Beitzah 4

A story is told in today’s daf (Beitzah 4a-b) where Rav Pappa was asked a she’elah (halachic query) about the law of נולד and, following what he had heard was the practice of Rav (who did not answer she’elot on Yom Tov after the first meal since his meals were accompanied with wine and, given this, he was worried that he might give an incorrect response), he told the questioner to return the following day. When the questioner did so, Rav Pappa expressed appreciation to him and remarked that had he answered the question the previous day, he would have erred in his ruling.
A clear lesson that we can learn from here – which is made even more explicit in Eruvin 64a and is codified by the Rema in Yoreh Deah 242:13 – is that halachic rulings should not be rendered by someone who has drunk even just a revi’it of wine.
But a further lesson can also be drawn from this episode concerning the need for a halachic decisor to be fully attentive when rendering halachic rulings (as we learn in Avot 1:1, הוי מתונים בדין – ‘be deliberate in judgement’), and just as Rav Pappa asked the questioner to return the next day, if a decisor is unable to reflect as they should on the nature of the question or the implications of their answer, or if they feel pressurized to render a ruling quickly to the extent that they think it may compromise the quality of their thinking and the answer, they should seek more time to do so.
Perhaps for some, this might seem contrary to the prohibition of עינוי הדין – delaying a ruling – as powerfully expressed by the rebuke of Rabbi Yishmael to Rabban Shimon ben Gamliel (see Semachot 8:8). However, while it is wrong for a decisor to unnecessarily delay giving their halachic answer to someone, it is also wrong for them to improperly rush giving an answer that may well be fundamentally compromised (see Rambam on Avot 1:1).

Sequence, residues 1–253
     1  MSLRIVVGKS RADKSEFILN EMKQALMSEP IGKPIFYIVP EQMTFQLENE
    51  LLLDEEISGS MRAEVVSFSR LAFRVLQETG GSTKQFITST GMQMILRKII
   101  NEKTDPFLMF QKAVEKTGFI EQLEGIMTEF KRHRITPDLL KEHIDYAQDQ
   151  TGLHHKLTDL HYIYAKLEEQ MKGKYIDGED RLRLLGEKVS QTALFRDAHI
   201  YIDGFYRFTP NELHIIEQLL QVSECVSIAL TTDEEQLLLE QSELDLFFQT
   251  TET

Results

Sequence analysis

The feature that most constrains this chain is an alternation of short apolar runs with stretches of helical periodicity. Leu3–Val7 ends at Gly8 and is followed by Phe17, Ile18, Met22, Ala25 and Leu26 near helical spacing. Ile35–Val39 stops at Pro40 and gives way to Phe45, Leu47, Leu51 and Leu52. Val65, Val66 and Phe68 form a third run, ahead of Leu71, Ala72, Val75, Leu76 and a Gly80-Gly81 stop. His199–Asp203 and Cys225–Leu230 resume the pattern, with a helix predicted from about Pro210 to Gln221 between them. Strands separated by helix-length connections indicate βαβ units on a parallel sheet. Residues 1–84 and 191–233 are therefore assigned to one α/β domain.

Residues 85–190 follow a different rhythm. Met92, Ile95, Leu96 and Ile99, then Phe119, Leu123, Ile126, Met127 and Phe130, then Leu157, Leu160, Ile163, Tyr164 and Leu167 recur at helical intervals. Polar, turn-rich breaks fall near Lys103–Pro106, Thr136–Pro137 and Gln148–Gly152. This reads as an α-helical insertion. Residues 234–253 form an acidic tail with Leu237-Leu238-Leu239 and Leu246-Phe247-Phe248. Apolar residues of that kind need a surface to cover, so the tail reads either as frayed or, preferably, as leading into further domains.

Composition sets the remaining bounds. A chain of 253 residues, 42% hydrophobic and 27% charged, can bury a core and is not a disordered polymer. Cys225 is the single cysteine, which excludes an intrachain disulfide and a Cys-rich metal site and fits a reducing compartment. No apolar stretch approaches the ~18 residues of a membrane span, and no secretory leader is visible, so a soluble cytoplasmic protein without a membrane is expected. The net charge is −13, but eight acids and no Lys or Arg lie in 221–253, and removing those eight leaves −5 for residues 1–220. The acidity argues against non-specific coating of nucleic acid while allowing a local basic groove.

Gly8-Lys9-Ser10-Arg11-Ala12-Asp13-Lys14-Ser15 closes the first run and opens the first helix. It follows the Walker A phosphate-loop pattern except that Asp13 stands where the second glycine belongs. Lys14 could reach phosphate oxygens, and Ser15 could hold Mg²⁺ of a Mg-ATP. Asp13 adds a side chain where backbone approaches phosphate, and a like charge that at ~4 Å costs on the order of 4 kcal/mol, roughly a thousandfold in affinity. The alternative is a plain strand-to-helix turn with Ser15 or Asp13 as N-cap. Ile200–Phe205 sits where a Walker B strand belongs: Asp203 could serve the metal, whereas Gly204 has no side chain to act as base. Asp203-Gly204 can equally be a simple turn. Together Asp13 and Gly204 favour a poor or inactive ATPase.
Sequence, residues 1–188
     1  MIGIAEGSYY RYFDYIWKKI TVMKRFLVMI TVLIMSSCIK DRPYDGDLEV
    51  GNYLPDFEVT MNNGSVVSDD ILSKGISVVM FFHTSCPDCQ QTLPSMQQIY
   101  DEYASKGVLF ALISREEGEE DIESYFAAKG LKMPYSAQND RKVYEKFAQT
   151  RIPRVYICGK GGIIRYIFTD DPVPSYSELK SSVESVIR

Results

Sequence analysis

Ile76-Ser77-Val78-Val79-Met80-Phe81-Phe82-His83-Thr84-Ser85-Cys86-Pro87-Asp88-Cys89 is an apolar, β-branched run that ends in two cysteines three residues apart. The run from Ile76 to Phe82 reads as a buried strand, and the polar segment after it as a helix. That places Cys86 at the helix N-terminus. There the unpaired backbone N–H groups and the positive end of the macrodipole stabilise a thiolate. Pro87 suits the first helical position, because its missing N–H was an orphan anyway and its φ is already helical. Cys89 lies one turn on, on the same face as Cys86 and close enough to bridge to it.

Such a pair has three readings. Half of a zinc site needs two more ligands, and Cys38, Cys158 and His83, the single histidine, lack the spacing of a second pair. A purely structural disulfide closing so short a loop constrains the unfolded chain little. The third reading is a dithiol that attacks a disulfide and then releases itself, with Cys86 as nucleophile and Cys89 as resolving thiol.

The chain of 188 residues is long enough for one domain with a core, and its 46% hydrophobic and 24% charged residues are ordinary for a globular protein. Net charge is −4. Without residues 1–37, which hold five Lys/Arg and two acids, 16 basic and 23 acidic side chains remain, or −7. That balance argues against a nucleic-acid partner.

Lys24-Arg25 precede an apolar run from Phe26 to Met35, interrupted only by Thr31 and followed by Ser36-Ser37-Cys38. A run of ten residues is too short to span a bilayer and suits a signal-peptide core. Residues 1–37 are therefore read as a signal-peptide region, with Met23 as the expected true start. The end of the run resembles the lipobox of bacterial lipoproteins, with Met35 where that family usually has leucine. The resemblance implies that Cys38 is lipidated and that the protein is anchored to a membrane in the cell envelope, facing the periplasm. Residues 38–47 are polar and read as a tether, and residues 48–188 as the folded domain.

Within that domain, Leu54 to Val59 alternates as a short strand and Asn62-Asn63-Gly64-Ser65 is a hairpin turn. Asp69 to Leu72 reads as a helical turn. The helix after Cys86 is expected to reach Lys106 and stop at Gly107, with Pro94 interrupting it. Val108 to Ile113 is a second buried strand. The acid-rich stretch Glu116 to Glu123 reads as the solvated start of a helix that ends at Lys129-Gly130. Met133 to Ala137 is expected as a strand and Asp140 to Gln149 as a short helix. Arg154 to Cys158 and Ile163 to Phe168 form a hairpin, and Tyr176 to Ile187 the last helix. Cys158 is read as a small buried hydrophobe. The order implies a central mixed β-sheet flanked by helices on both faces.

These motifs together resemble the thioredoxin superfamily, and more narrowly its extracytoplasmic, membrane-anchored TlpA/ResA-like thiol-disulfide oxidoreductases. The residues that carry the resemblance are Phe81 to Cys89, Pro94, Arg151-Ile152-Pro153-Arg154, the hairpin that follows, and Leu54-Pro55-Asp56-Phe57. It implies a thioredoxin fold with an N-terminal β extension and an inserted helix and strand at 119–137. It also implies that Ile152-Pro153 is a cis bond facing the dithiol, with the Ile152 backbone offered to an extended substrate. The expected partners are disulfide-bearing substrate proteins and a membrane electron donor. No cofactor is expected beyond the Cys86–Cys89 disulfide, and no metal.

Unfortunately, our on-demand culture often means that questioners ‘expect’ on-demand answers – even to the most nuanced of questions, and decisors feel a pressure to ‘prove’ themselves by providing on-demand responses. Yet while delaying an answer is improper, so too is cutting corners by trying to rush an answer as well (nb. this is why those who seek an online halachic consultation with me first let me know what they want to discuss so I can thoroughly prepare ahead of our meeting).
Of course, there are situations when time is simply unavailable, and this is when the decisor relies on what they know to answer what they can while davening that what they have ruled is correct. However, most situations are not like this, and the only reason why a decisor often feels rushed is either because of the pressure imposed on them by the questioner, or perhaps the pressure imposed of them by themselves.
Yet unlike TV streaming and vending machines, most thoughtful halachic rulings don’t operate ‘on demand’. They take research, reflection, and thoughtfulness. Sometimes this can be done in a matter of minutes, but sometimes it takes longer. As such, the story of Rav Pappa in today’s daf serves as a good reminder that, like all good things in life, halachic-decision-making takes time.